Posts Tagged ‘HHBTM Records’

Try the Pie, Two White Cranes, Pinkshinyultrablast, Fireworks at Throw the Dog a Bone

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Try the Pie, Antlered Auntlord, SPC ECO at Examiner

Try the Pie

Try The Pie is Bean Tupou’s labor of love. With the highly regarded Domestication under her belt Tupou has released – Rest – a collection of songs from 2005 – 2008. The 13 self-recorded tracks allow listeners to partake in Tupou’s music at the embryonic level. The tunes are stripped down to just her voice and a guitar as she sings about things that are on her mind. The songs on Rest weave in and out of relationship issues, love and living life with Tupou using hot days, trains and bunkbeds as metaphors. The raw sound lends to the frailty of this collection of songs. They are imperfect just like life. Tupou’s voice is at the forefront of this album baring its naked soul for all to judge and it is her wispy vocals that give each track its strength. Try The Pie demonstrates that a catchy melody and strong lyrics make a great song. Big productions have their place, luckily for listeners it is not on this record.

Antlered Aunt Lord

The debut record from Antlered Aunt Lord – Ostensibly Formerly Stunted (and On Fire) – is a wild trip through the mind of Jesse Stinnard (Tunnabunny). The record suffers from multiple personality disorder as Stinnard gives us songs that range from brilliance to what the hell was that. The tracks “Monopilot” and “Questions From Our Publicist” utilize catchy pop melodies and jangly guitars allowing Stinnard’s vocals to flow freely over this incredible soundscape into listener’s ears. Stinnard refuses to be safe and many times wanders into an area that walks the thin line between noise and music. A wall of noise rushes from the speakers on “Abandoned Car”, “Classic Nu New Uncomfortable Bumblebee Dub” is a weird jazz infused tune and “Sciatica” is a chunky punk infused track the rattles the brain. It is this inconsistency in Antlered Aunt Lord’s tunes that makes this different and worth listening to. With each listen something different is discovered as Stinnard mixes a plethora of instruments, sounds and noises throughout the album. The 19 songs keep listeners wondering what comes next as they progress through each track. Ostensibly Formerly Stunted (and On Fire) draws comparisons to the eclectic albums by Robert Pollard (Guided By Voices). There is no set pattern nor plan to the music it is just there to enjoy.

SPC ECO 

Consisting of Rose Berlin, Dean Garcia and a group of collaborators that could take all day to list make up SPC ECO. In 2015 SPC ECO released Dark Matter, a collection of esoteric music built around haunting melodies, synthesized sounds and Berlin’s soothing vocals. Listeners are sucked into SPC ECO’s soundscape on a journey that seems to slow down time. Songs such as “Creep In The Shadows”, “Under My Skin” and “Breathe” are beautiful demonstrations in music showing how delicate it can be. With “The Whole World Shines” and “Let It Always Be” things get a bit more experimental. The music has an edge but Berlin’s vocals keep it from careening out of control. Dark Matter is an album that requires a bit of investment from the listeners. The traditional song structure is not there but Berlin’s & Garcia’s ability to stray from the musical norm is what makes this worth the listen.

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Antlered Aunt Lord at Backseat Mafia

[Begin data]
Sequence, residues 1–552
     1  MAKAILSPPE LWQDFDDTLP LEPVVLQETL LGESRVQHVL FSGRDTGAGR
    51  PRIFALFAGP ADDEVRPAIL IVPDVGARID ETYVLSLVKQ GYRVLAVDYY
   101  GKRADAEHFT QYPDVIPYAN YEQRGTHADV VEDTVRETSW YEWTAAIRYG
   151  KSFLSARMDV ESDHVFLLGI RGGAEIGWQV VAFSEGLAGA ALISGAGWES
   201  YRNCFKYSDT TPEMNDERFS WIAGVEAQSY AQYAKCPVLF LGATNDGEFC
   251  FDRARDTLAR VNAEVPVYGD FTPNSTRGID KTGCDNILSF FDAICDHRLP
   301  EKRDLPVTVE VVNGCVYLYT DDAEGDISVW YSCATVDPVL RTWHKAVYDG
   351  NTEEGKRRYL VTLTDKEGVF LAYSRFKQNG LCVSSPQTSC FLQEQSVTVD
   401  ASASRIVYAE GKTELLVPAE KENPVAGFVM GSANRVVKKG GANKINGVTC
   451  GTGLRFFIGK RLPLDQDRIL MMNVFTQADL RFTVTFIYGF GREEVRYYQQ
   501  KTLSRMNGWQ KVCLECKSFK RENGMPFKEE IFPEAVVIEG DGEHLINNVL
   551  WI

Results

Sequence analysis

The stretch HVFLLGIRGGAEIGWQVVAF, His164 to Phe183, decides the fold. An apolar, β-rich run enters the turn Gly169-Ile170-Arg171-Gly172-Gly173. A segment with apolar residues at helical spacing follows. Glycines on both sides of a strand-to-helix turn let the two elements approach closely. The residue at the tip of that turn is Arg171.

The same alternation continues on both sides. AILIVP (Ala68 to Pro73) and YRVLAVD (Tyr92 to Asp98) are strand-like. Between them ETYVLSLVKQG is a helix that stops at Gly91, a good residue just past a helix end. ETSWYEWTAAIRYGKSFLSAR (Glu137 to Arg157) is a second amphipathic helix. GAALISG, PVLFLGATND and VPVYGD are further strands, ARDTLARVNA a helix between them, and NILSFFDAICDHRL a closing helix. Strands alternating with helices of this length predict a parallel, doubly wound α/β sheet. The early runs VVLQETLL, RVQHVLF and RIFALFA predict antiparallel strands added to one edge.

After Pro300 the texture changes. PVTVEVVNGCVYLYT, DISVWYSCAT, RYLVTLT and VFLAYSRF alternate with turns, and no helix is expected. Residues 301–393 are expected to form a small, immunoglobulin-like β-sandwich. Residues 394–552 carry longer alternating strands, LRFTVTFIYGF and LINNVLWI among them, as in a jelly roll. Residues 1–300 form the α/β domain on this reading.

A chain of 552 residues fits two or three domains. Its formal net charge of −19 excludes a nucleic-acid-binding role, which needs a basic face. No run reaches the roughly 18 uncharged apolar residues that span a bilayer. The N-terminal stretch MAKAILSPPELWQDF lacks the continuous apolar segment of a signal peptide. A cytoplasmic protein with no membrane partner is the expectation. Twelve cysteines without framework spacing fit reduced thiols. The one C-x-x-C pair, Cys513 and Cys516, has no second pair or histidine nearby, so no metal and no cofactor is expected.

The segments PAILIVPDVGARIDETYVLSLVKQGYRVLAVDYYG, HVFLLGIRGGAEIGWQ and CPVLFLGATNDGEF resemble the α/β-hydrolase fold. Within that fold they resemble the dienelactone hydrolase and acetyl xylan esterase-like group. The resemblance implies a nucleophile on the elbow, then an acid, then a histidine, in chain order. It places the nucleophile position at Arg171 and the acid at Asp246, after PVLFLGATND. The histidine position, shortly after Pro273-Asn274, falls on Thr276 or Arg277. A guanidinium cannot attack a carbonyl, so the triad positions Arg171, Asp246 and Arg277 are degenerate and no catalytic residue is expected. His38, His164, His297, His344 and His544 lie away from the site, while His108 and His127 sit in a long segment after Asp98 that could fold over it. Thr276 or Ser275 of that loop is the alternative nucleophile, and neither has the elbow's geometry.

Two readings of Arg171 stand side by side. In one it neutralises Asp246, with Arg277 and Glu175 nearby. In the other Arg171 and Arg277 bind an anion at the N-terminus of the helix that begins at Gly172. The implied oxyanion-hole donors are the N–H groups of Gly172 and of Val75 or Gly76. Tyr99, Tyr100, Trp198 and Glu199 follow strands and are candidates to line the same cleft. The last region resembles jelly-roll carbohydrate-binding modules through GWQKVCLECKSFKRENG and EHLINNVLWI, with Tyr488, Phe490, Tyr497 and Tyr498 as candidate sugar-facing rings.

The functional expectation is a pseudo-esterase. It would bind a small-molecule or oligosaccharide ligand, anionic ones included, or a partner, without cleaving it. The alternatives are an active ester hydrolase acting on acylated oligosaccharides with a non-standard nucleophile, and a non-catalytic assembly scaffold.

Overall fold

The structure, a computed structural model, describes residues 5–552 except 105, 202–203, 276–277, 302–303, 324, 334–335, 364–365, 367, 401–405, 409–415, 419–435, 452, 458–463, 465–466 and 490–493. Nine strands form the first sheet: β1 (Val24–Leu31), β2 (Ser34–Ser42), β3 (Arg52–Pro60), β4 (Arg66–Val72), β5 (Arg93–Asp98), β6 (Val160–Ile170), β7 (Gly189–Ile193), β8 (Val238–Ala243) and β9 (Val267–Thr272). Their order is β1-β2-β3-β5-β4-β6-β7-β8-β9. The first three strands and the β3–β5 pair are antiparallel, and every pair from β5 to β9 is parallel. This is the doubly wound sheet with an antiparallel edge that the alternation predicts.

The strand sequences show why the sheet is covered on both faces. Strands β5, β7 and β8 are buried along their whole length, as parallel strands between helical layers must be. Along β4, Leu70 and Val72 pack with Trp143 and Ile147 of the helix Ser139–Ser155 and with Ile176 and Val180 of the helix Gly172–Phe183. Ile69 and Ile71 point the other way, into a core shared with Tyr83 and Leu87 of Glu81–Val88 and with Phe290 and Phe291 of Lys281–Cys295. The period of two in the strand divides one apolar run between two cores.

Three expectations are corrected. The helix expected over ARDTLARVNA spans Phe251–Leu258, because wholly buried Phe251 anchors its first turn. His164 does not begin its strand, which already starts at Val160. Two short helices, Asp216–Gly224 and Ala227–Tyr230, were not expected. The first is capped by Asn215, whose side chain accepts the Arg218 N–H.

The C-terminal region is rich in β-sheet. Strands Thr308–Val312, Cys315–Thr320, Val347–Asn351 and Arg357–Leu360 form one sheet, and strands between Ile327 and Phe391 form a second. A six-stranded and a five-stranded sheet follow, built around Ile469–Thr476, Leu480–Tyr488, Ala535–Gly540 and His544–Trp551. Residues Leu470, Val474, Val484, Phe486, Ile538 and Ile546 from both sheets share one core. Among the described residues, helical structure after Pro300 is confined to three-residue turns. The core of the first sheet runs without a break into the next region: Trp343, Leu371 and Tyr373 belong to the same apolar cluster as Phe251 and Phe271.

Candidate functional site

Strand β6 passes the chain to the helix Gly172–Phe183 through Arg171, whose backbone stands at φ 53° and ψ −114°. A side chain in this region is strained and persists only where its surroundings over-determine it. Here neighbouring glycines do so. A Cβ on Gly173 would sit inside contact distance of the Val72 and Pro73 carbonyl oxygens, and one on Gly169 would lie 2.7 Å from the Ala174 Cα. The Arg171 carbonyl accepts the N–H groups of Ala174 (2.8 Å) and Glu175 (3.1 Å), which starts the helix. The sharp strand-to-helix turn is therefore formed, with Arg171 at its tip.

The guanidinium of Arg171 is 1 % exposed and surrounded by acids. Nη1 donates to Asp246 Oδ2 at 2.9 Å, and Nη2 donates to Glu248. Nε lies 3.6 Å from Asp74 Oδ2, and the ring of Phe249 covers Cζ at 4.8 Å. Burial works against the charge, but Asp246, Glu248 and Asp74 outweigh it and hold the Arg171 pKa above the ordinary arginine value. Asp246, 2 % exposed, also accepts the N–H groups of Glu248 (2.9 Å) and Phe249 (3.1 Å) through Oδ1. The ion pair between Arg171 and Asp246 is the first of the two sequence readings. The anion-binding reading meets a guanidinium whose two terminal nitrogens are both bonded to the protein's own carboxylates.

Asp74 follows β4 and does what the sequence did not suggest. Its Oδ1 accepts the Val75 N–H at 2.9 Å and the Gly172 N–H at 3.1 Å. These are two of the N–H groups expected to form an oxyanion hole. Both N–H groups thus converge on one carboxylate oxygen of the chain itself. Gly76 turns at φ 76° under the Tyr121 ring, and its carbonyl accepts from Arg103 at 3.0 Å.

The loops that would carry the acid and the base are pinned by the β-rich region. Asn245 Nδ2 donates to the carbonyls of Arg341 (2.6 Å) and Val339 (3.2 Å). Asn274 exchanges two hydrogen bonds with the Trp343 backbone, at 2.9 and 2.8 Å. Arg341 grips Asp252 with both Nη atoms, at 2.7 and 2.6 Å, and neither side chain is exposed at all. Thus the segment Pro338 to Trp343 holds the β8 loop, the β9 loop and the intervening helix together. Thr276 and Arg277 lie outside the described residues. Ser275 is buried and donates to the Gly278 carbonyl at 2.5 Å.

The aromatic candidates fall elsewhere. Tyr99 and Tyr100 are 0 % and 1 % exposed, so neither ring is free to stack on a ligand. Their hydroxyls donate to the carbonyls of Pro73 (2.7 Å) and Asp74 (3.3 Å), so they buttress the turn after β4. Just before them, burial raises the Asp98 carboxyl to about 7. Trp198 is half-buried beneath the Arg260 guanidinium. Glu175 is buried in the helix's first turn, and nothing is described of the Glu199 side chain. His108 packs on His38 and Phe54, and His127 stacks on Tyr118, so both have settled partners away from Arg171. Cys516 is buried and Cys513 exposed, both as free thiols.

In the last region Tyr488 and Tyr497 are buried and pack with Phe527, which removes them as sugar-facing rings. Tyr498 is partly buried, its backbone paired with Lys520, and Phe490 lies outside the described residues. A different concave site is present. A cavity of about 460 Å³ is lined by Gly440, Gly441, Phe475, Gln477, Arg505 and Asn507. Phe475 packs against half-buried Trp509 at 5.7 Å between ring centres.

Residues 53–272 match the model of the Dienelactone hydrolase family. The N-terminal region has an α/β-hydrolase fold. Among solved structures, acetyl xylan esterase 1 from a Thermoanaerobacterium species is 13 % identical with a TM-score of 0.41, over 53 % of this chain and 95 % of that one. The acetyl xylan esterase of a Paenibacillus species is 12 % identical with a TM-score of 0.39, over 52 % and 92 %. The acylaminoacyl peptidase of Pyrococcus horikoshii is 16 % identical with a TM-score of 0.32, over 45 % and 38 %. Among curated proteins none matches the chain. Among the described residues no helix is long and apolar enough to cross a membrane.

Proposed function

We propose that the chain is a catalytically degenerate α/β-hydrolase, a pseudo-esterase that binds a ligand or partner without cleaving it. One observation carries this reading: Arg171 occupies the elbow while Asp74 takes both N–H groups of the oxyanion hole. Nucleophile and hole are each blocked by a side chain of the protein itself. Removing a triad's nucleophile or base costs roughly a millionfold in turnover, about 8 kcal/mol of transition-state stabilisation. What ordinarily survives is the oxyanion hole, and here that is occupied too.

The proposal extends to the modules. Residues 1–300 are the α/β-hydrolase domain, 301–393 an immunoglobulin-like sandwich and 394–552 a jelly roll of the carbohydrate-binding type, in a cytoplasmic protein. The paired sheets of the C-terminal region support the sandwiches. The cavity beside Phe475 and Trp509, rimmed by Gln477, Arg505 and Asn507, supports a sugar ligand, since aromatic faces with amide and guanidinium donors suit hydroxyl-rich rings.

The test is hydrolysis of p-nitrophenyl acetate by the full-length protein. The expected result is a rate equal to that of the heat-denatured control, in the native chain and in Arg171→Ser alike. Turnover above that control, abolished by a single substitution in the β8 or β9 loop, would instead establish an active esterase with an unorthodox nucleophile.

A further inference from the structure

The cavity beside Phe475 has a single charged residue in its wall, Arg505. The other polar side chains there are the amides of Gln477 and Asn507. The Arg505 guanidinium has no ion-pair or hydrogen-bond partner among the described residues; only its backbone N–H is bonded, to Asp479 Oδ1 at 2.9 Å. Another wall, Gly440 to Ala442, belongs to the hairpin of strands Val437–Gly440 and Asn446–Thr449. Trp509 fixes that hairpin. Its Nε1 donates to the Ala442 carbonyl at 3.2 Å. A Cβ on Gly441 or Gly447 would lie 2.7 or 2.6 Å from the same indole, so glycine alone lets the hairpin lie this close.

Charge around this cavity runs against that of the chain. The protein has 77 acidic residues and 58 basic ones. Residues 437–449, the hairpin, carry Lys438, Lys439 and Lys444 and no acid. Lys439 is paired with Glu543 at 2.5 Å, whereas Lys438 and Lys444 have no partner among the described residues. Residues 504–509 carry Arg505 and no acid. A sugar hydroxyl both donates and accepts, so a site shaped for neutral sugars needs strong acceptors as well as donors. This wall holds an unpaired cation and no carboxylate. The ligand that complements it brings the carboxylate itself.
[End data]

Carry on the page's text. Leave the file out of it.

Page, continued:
Sometime Tunabunny drummer Jesse Stinnard has recently released his first record under his Antlered Aunt Lord moniker. Titled Ostensibly Formerly Stunted and released on the HHBTM label, it’s a mixture of his own lo-fi and very much DIY recordings that Stinnard culled from a bank of almost 200.

His reputation (locally) as something of eccentric transports itself through the recordings of Antlered Aunt Lord, which at points seems to lean towards grunge/US alt-rock such as Sugar, but then veer towards The Beach Boys (check the harmonies on Monopilot), the next thing, this eclectic mix of electric folk and Pavement and Guided by Voices and, well, just about everything in between. The rough hue of the recording (more evident on some tracks than others) only adds to the charm as they somehow hold together as a whole.

Despite all of its frayed edge messiness, Ostensibly Formerly Stunted is more than enjoyable because of Stinnard’s quirky nature, his lyrical content, and his skillful handling of melody (damn, he can write a catchy tune) The only downside is that (as with a lot of these recordings) some of the songs are little more than ideas- Munsonfly and EPA are good examples. Enjoyable as they are, they could have been so much more.

When he gets it right though, the results are worth it. The brilliant Krautrock Motorik of Pray for Glam is brilliant, and Questions from our Publicist, apart from having a brilliant title, hints at 90s slacker rock, and is deliciously catchy. There’s some fantastic Pixies-esque loud/quiet interplay, with a liberal dose of synths in Hi Beam Hi Priest, and the weird Fall-like Sciatica is great.

With some 180 songs still in the vault, this could be the start of something big.

 

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Try the Pie at the Vinyl District

Bean Kaloni Tupou is perhaps best known for singing and playing in the San Jose, CA four-piece Sourpatch, but as Try the Pie she additionally offers solo artistry of considerable acumen and growing prominence. Her most recent work in this mode emerged this past April, but those wishing to explore Try the Pie’s beginnings are graced with good luck for the venture’s earliest recordings have been given a fresh vinyl pressing courtesy of theHappy Happy Birthday To Me label. Featuring 13 of Tupou’s songs delivered up close and very personal through guitar and voice, Restis available now.